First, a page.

Infinite Sum of Series

So I was given this question $$T_n = \sum _ {k=0}^{ n-1} \frac{n}{n^2+kn+ k^2}$$ And $$S_n = \sum _{ k=1}^n \frac{n}{n^2+kn+ k^2}$$ We were asked wether $$T_n$$ or$$S_n$$is$$\gt$$or$$\lt \frac{π}{3\sqrt3}$$

So what I have deduced is that when $$lim _ { n \to \infty }$$this is sum of infinite series and upon calculating we get $$\int_{x=0}^1 \frac{1}{x^2 +x+1} dx$$ Which is $$\frac{π}{3√3}$$ but this happens with both the integrals , how to decide the sign ??

• What didn't you understand? The change of summation into integral? – Tojrah May 19 at 4:08
• Try changing the limits of the summation $T_n$ by substituting $n-1=t$ or something similar, maybe? – ExtremeRaider May 19 at 4:14

Hint: Since $$\dfrac{1}{x^2+x+1}$$ is decreasing over $$x \in [0,1]$$, we have $$\int_{\tfrac{k-1}{n}}^{\tfrac{k}{n}}\dfrac{1}{\left(\tfrac{k}{n}\right)^2+\left(\tfrac{k}{n}\right)+1}\,dx \le \int_{\tfrac{k-1}{n}}^{\tfrac{k}{n}}\dfrac{1}{x^2+x+1}\,dx \le \int_{\tfrac{k-1}{n}}^{\tfrac{k}{n}}\dfrac{1}{\left(\tfrac{k-1}{n}\right)^2+\left(\tfrac{k-1}{n}\right)+1}\,dx$$ i.e. $$\dfrac{\tfrac{1}{n}}{\left(\tfrac{k}{n}\right)^2+\left(\tfrac{k}{n}\right)+1}\le \int_{\tfrac{k-1}{n}}^{\tfrac{k}{n}}\dfrac{1}{x^2+x+1}\,dx \le \dfrac{\tfrac{1}{n}}{\left(\tfrac{k-1}{n}\right)^2+\left(\tfrac{k-1}{n}\right)+1}.$$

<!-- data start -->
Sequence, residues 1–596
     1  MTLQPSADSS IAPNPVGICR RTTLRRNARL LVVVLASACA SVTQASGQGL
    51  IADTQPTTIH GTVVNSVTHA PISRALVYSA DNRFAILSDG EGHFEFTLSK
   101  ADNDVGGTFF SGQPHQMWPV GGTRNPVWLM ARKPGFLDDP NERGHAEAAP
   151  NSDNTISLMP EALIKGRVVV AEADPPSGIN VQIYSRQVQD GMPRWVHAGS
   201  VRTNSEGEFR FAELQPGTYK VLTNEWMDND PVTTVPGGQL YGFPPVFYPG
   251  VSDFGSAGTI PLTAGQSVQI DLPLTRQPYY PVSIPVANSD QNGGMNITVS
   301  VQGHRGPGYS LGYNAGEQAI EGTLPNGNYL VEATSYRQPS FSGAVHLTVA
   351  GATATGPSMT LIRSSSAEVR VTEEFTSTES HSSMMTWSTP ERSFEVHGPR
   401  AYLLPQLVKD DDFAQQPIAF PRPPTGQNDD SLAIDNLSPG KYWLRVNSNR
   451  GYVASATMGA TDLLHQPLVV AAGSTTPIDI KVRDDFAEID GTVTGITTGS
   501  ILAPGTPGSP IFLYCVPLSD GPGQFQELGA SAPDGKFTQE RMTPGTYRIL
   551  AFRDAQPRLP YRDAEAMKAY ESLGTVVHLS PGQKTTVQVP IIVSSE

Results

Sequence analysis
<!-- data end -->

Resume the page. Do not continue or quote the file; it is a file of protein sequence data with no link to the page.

Now, what do you get when you sum each part of the inequality from $$k = 1$$ to $$n$$?
If it is true that they both tend to the quantity $$\frac {π}{3\sqrt 3}=L$$ as $$n\to\infty,$$ then since they both have positive terms, it follows that they are both less than $$L$$ when you truncate them at $$n.$$
• All you have proved is $S_n \gt T_n$ I want their relation with π /3√3 – user232243 May 19 at 4:38